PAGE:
General George S. Patton was Deeply Anti-Semitic & Believed in Superiority of the ‘Nordic Race’
“… Patton at the end of World War II disparaged the Jewish inmates of Hitler’s death camps who had been re-interned in Displaced Person (DP) camps maintained by the U.S. Army in the Allied Zone of Occupation. He also expressed the injudicious opinion that the United States fought the wrong enemy, meaning that he would rather have had the country allied with Hitler’s Germany for a fight against Stalin’s Soviet Union. …”
The Dark Side of George S. Patton (Excerpt)
His Diaries and Official Actions Reveal that the General was Deeply Anti-Semitic
- George S. Patton was an anti-Semite who wrote in his diary that Jews were “sub-human”
- Patton’s slapping incidents likely signaled to Ike that he was on the verge of a mental breakdown
- Patton opposed the Morgenthau Plan that sought to “pastoralize” Germany
… A reading of his grandson Robert H. Patton’s family memoir, The Pattons: A Personal History of an American Family (Crown, 1994) reveals that George S. Patton, Jr. … likely was dyslexic and suffered from bipolar disorder. This created a sense of inferiority in the young Patton and engendered emotional instability. He was not a good student and had to be tutored to read, a skill that came late to him. His mood swings were prodigious, and during the interwar period of 1918-1941, Patton was hellish to live with for his wife and children as he lusted for combat.
As a cavalry major, Patton has to share the ignominy of putting down the Bonus March in Washington in 1932 along with his superiors, Army Chief of Staff General Douglas MacArthur and MacArthur’s aide-de-camp, Major Dwight David Eisenhower, a friend of Patton’s. The pompous and egotistical Patton, who had redesigned the U.S. Army cavalry saber based on European designs, twice rushed the crowd of unarmed veterans and their wives and children at the head of his mounted horse. The U.S. Army’s cavalry force was still bifurcated into horse and armor, with horse cavalry enjoying a higher status. Tanks also were on hand to quash the crowd, who had come to the District in the depths of the Great Depression to lobby Congress for an immediate payment of the World War I bonus promised to veterans of the “Great War”.
Part of the crowd targeted in the second charge included former private Joe Angelo, who served as Patton’s orderly during World War I. The veteran won the Distinguished Service Cross for saving Patton’s life during the war.
MacArthur, and Patton himself, believed that the veterans were “Reds” — communists. This must be understood in the context of the times, best encapsulated by the philosophy of one of John Steinbeck’s characters: “A communist is somebody who wants 25 cents an hour when we’re paying 15.” That MacArthur’s won intelligence service estimated that only three of 26 leaders were communists didn’t deter MacArthur from labeling the March as a communist conspiracy to overthrow the government.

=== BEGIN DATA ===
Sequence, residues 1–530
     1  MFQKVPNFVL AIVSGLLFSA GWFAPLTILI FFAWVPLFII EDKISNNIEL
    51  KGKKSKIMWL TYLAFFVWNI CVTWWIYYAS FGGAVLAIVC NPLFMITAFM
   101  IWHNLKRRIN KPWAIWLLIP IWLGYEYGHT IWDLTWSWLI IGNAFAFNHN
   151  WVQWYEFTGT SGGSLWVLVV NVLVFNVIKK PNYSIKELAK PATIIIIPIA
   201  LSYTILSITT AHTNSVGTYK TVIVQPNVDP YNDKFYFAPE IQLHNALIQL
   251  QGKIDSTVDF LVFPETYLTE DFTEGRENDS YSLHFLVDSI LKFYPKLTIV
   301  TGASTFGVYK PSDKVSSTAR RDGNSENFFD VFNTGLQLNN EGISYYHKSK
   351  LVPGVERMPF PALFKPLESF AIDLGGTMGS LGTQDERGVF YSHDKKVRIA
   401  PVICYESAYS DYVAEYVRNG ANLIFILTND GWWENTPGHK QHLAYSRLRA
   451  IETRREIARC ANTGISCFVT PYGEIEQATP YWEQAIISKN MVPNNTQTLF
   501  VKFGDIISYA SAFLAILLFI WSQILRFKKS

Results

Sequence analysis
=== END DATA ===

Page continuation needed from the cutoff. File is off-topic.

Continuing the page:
“Pacifism and its bedfellow communism are all around us,” MacArthur declared about his fellow World War I vets. Patton, an anti-communist, shared MacArthur’s distaste for “Reds”. With a penchant for pre-battle speeches, Patton counseled his troops, “If you must fire do a good job — a few casualties become martyrs, a large number an object lesson. … When a mob starts to move keep it on the run. …Use a bayonet to encourage its retreat. If they are running, a few good wounds in the buttocks will encourage them. If they resist, they must be killed.”
In World War II, Patton would encourage his troops to take no prisoners and to murder surrendering enemy troops in cold blood. MacArthur was ordered by President Herbert Hoover to allow the Bonus Army to retreat, as he didn’t want any violence. …
General George S. Patton’s diaries, which were published after his death, reveal that Patton was an anti-Semite, and not just akin to the garden-variety, country club anti-Semite that was common in America up to and through the Second World War. According to Leonard Dinnerstein in his book Antisemitism in America, (Oxford Univ. Press, 1995) Patton would not allow Jewish chaplains at his headquarters. (p.139). In light of the fact that the U.S. was engaged in unconditional warfare with the genocidal Nazi regime that had singled out “World Jewry” for liquidation, and the fact that as a commander of a corps and later an army, Patton had many Jewish soldiers, including staff officers, under his command, such as refusal is unconscionable. Raised in a family with a pronounced belief in the paranormal, Patton was one of those WASPs who believed in the superiority of the “Nordic” race, which was encapsulated in the theory of the “Aryan” by Madame Blavatsky of Theosophy fame. The concept heavily influenced Herr Hitler.
To underscore the absurdity of such thinking, the Nordic race as Patton envisioned it did not include the Irish, even though he himself was descended from the Scots, another Celtic race which is genetically indistinguishable from the Irish, as the tribes who settled Scotland emigrated there from Ireland! Semites, and particularly Jews, were beyond the pale to Patton, whose family emigrated from Scotland to the Southeastern United States and fought in both the War of Independence and the War Between the States, taking a rebel stand in both wars. Patton at the end of World War II disparaged the Jewish inmates of Hitler’s death camps who had been re-interned in Displaced Person (DP) camps maintained by the U.S. Army in the Allied Zone of Occupation. He also expressed the injudicious opinion that the United States fought the wrong enemy, meaning that he would rather have had the country allied with Hitler’s Germany for a fight against Stalin’s Soviet Union. It was a common sentiment among reactionaries and isolationists before the War. That Patton would dare express such political sentiments underscores emotional instability. …